Why? You can use the data to identify weak points in your funnel and make changes that do lead to more hard conversions.
Dig deeper: 3 overlooked SEO conversion metrics to consider
Supply the correct data to the right stakeholders
You’ve collected and segmented your data in a meaningful way.
But while some data points will be valuable to you and your marketing team, the C-suite might shrug others off.
For instance, say that you created a report showing:
- Technical SEO changes.
- 10% rise in organic traffic.
- Faster site speeds.
- Higher time on page.
Marketing teams will appreciate this data, but a C-suite executive will be curious about how the 10% rise in traffic led to a revenue increase.
The C-suite won’t be interested in your reporting if you don’t tie this information into the company’s revenue meaningfully.
You’ll want to make reports that touch on the key data that specific stakeholder groups want to see.
Dig deeper: What stakeholders should expect from SEO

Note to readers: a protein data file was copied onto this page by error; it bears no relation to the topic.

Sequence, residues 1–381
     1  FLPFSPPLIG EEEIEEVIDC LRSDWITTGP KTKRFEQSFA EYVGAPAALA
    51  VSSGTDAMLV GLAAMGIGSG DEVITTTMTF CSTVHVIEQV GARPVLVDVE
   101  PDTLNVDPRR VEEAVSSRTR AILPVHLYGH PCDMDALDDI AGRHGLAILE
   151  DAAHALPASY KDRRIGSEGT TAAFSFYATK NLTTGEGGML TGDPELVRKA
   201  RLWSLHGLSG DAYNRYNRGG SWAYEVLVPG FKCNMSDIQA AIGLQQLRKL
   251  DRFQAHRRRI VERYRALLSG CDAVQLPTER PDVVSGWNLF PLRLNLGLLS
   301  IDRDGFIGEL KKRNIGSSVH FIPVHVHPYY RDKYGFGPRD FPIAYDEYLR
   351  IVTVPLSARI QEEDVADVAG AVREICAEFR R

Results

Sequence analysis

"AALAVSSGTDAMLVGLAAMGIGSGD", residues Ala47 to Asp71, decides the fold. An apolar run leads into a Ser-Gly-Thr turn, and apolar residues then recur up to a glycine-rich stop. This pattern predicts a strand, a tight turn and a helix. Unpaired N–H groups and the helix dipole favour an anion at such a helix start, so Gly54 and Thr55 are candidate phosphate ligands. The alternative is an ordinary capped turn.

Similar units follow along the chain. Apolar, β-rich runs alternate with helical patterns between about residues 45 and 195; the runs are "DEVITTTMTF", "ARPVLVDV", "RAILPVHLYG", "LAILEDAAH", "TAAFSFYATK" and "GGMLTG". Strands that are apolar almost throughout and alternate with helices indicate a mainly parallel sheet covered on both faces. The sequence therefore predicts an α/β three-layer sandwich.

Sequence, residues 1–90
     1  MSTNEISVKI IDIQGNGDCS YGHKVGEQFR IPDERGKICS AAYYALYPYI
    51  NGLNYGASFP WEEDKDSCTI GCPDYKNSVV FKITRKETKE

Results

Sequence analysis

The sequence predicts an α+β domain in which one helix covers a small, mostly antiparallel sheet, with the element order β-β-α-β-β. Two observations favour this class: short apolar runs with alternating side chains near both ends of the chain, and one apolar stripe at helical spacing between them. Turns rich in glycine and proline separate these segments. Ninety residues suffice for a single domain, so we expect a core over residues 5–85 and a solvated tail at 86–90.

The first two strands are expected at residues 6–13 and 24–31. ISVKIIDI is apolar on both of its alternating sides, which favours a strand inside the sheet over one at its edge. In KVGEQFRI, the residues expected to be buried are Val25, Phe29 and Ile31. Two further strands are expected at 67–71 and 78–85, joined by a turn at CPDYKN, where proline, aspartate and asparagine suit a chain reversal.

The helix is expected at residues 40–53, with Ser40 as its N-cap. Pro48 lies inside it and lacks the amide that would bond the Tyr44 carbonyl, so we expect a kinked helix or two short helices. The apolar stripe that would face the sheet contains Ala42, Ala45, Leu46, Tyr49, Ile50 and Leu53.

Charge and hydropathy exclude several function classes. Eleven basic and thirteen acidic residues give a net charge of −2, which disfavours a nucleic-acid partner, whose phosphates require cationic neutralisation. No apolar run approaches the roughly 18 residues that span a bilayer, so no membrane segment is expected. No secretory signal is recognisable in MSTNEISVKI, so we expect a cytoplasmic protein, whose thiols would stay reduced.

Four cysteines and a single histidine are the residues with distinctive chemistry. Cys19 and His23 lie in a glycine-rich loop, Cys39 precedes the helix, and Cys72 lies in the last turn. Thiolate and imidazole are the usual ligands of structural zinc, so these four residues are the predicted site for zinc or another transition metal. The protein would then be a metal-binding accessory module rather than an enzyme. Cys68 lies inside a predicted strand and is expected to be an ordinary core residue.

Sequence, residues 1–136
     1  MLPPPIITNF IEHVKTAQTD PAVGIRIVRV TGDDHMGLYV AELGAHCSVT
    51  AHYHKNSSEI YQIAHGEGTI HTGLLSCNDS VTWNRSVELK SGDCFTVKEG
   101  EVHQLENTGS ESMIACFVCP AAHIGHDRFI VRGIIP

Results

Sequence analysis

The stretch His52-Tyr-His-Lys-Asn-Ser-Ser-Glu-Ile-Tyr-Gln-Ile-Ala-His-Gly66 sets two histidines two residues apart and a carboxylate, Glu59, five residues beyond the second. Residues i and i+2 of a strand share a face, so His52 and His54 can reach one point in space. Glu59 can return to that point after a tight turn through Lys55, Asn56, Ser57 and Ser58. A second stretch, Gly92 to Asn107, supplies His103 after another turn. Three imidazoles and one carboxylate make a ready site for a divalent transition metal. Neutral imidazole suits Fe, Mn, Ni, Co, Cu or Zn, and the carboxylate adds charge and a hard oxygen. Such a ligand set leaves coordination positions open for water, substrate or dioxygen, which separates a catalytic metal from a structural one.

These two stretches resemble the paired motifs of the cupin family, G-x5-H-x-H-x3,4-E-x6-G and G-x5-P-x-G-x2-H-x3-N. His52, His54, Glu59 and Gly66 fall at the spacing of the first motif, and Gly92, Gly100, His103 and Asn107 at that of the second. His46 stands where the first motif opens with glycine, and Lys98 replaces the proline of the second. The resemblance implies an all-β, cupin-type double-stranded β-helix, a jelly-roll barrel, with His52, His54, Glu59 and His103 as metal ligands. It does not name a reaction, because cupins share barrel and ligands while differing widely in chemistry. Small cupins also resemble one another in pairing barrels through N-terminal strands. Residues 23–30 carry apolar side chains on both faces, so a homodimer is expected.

Save your SEO data for future use
Your reports today will be referred to in the next year or two, and they will help tell the story of the company’s SEO growth.
Save the data you collect because it contains valuable information you’ll use in the future.
I have created my own custom tools to back up Google Search Console data so I can refer to it past the 16-month limit.
I suggest you do the same as most of the reporting work you will be doing, even if you change companies.
You can also begin working with tools like ChatGPT to help you dive deeper into your data and extract valuable information you might otherwise miss.
Dig deeper: 7 proven methods to explain the value of SEO